Goalscorers: Ashley Ward 29, Paulo Wanchope 35, Eric Cantona 47, Dean Sturridge 75, Ole Gunnar Solskjaer 76
Manchester United: Peter Schmeichel, Ronny Johnsen, Gary Pallister (Paul Scholes 86), Gary Neville (Denis Irwin 70), Phil Neville, Nicky Butt (Ole Gunnar Solskjaer 45), Roy Keane, David Beckham, Ryan Giggs, Eric Cantona, Andy Cole
Derby County: Mart Poom, Christian Dailly, Jacob Laursen, Chris Powell, Paul McGrath, Paul Trollope, Darryl Powell, Robin van der Laan, Dean Sturridge, Ashley Ward, Paulo Wanchope (Paul Simpson 65)
Referee: David Elleray, Attendance: 55,243
Going into the final two months of the 1996-1997 Premier League season, Manchester United seemed to have one hand on the title. Alex Ferguson’s side had lost just once since early November in the league and were heavy favourites to beat Derby County at Old Trafford. Derby were in mid-table and gave debuts to Estonian goalkeeper Mart Poom and 20-year-old Costa Rican forward Paulo Wanchope whilst Manchester United preferred Andy Cole upfront to top scorer Ole Gunnar Solskjaer. A win here would take Ferguson’s side six points clear of their nearest rivals.
Roy Keane had the first significant opportunity of the afternoon, nodding a header wide of the post from a delicate Ryan Giggs cross. The reigning champions dominated the early exchanges as expected and Giggs tested Poom’s reflexes with a point-blank header which the new Derby goalkeeper was equal to. So, it was a real shock to see Jim Smith’s side go into the lead.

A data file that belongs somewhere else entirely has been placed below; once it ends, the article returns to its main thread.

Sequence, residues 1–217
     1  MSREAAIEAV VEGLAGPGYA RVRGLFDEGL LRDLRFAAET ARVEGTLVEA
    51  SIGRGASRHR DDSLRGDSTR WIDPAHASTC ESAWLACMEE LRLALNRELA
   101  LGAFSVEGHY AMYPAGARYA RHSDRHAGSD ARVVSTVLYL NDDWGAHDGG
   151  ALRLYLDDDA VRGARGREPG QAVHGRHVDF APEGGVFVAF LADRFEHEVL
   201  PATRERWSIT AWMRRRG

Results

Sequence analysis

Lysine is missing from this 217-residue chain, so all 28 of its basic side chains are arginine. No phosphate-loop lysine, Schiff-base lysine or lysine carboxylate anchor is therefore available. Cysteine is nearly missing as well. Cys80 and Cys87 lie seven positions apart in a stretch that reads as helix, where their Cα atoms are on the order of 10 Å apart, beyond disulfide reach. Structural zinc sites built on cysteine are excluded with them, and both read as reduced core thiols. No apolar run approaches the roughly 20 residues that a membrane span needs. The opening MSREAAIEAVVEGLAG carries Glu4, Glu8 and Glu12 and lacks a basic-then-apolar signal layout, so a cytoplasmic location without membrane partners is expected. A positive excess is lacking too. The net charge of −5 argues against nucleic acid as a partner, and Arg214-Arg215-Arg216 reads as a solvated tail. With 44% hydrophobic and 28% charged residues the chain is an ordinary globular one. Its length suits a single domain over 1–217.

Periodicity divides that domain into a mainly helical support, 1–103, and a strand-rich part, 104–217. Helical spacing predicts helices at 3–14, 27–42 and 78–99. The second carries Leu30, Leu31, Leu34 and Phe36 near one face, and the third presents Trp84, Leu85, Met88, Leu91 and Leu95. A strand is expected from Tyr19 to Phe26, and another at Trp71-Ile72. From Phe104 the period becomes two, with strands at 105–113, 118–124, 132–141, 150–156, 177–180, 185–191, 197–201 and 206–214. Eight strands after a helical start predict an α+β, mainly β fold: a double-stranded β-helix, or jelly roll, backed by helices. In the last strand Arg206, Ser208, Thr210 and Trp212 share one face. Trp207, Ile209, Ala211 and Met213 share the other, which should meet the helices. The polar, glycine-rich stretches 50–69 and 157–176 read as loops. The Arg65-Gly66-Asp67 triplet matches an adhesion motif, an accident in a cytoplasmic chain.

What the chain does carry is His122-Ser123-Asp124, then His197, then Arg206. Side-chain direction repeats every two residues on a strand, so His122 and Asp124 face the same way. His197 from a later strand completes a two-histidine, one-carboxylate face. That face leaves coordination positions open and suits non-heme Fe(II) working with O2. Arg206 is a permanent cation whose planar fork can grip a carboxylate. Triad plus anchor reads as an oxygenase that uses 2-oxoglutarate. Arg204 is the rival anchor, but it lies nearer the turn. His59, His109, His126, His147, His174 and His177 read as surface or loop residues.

Paul Trollope launched a ball to the back post and Wanchope won his header against Phil Neville. Ashley Ward’s strike wasn’t the cleanest but it bounced over Peter Schmeichel’s head and into the net. Six minutes later, Wanchope’s debut turned into a staggering contribution. He picked up possession and despite his fairly leggy style, he ran clean through past four Manchester United defenders, showed some great dribbling skills and nudged the ball beyond Schmeichel’s reach. Almost unknown to everyone before kick-off, the whole world now knew who Paulo Wanchope was.
Derby continued to boss proceedings and could have been leading 3-0 at half-time. Ward forced Schmeichel into two smart stops and then hit the post as the defence seemed to be standing likes statues. This was an error-strewn display from the table-toppers and Ferguson was bound to have got the hairdryer treatment out at half-time. He took off the disappointing Nicky Butt during the break and put Solskjaer on. There was an immediate response from the captain. Solskjaer picked out Eric Cantona, who brought down the ball superbly, held off his marker Trollope and then shot across Poom’s bows and into the back of the net.
Derby held firm though and with 15 minutes left, virtually secured a shock victory. Dean Sturridge nodded the ball past an overcommitted Schmeichel and when the ball hit the post, the bounce fell perfectly for Sturridge to score one of the easiest goals of his career. It was a poor performance from the entire Red Devils backline. Solskjaer immediately pulled a goal back when he made the most of an unfortunate flick-on from Paul McGrath but Derby held on for a memorable and deserved victory.
Manchester United remained unbeaten after this defeat to register a fourth Premier League title in five seasons. This was only Derby’s second away win of the season but it was the boost they needed and Smith’s side would finish a fine 12th in their debut Premier League campaign.